(The au pair [program] is newly formalized. But now there is already an exit clearance, legalized contract, and they can no longer demand.)
Immigration knew, but…
"From the entrance, to the immigration counter, to the embarkation area – those who allowed us to get through all of these get a cut"
Tonette Bocasas-Mangrobang, spokesperson of the Bureau of Immigration (BI), acknowledged that they have heard of the alleged bribery going on between au pairs and their personnel. “We know of these incidents concerning au pairs.”
It was only under the term of then president Benigno Aquino, however, when the efforts against human trafficking were heightened.
“It was only under the time of Aquino when anti-human trafficking actions were strengthened.” This was also the time when immigration authorities doubled efforts to prevent Filipinos with incomplete or questionable travel and work documents from leaving the country.
“We have a unit that checks the records of the passengers. This is the Travel Control and Enforcement unit. If they were able to get past the immigration officers, they can still be stopped if the unit finds out that they don’t have the proper documents.”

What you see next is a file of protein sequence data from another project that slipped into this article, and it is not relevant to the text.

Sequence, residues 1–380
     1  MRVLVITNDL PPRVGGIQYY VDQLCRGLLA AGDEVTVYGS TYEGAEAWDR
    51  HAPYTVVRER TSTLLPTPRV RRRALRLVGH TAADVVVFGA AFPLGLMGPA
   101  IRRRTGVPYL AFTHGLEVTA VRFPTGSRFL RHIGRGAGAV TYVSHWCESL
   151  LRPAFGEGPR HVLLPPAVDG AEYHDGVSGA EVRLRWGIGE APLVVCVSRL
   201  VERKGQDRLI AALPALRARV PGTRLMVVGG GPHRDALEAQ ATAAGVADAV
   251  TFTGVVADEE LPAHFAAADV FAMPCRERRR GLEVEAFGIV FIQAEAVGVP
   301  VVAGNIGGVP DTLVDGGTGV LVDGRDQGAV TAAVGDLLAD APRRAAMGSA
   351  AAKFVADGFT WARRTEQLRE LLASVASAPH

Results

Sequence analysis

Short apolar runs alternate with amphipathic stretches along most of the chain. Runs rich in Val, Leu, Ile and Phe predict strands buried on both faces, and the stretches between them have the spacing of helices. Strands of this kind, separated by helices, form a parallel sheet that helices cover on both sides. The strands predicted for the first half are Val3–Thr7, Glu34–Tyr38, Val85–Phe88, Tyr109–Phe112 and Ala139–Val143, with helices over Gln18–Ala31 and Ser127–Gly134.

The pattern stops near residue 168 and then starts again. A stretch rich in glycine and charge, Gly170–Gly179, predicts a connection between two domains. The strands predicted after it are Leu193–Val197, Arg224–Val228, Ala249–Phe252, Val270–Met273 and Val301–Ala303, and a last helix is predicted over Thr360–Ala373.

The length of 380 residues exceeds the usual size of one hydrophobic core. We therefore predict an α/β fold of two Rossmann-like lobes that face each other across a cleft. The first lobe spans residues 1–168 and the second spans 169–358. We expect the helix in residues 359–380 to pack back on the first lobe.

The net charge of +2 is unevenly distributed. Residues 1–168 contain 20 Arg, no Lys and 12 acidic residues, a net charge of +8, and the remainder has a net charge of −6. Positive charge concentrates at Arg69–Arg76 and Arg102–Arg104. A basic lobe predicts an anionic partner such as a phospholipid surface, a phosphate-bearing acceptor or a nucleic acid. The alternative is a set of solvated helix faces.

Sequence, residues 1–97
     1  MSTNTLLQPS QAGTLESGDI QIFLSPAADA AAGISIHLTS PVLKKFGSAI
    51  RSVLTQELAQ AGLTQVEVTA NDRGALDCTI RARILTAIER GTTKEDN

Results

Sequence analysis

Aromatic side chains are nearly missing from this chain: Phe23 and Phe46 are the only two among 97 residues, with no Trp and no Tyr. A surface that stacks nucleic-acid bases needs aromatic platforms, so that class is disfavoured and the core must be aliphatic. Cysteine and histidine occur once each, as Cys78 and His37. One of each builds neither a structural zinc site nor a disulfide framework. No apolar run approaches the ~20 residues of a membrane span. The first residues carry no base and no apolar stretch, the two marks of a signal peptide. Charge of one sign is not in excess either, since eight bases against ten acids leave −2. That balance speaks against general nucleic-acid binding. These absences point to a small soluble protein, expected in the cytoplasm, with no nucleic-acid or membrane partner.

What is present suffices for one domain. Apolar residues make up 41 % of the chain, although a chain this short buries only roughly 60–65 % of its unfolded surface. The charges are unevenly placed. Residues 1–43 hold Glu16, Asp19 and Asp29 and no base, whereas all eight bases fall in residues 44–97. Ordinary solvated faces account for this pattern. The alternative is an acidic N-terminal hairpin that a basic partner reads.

Mangrobang said that allowing Filipinos to go to Denmark then as au pairs while the ban was still in place is equivalent to human trafficking. “There was a ban and then you let them leave. That’s human trafficking.”
The Inter-Agency Council against Trafficking said they have to receive complete, official information from the BI to conclude that human trafficking has indeed been committed in these types of cases, however. “We are currently waiting for the BI to give us the full report so we could fully appreciate the facts of the case and provide a proper conclusion.”
Human trafficking, under the Expanded Anti-Trafficking in Persons Act of 2012, consists of exploitation and abuse as perpetrated in various forms such as debt bondage, forced labor and prostitution. While a more thorough probe must be done to determine if the BI personnel had been complicit in committing human trafficking, there is no question that they, at the very least, must be probed for bribery.
“They will be subjected to administrative investigation. The worst that can happen to them is to face termination from service,” Mangrobang said.
Mangrobang is unsure, however, if the BI has indeed penalized any immigration personnel involved in the payoff. She said that the au pairs who paid them at the time can still come forward and file complaints.
For the au pairs who paid off immigration personnel then, however, the bribery was part of what they had to do to get out of the country. It was an arrangement that was mutually beneficial.
Julia said while they knew that what they did then was illegal, it was a gamble they had to take. Europe was waiting. “It’s a risk, but we were told we had to do it. So we did.” – Rappler.com
This story is a collaboration between the Pulitzer Center on Crisis Reporting and Rappler.